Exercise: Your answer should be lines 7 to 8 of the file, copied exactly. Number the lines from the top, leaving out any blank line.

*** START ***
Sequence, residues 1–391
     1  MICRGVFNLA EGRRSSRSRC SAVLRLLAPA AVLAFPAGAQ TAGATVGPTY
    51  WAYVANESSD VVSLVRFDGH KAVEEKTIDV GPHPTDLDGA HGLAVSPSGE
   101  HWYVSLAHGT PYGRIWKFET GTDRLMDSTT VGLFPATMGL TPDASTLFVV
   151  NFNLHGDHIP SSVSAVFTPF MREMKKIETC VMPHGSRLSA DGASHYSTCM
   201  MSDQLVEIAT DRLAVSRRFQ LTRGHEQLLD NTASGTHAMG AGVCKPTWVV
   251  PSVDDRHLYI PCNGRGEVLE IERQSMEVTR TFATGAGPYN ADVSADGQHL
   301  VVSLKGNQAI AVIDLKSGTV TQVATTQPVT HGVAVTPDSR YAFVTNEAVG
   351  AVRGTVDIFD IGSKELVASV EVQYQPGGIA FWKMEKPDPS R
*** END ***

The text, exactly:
   251  PSVDDRHLYI PCNGRGEVLE IERQSMEVTR TFATGAGPYN ADVSADGQHL
   301  VVSLKGNQAI AVIDLKSGTV TQVATTQPVT HGVAVTPDSR YAFVTNEAVG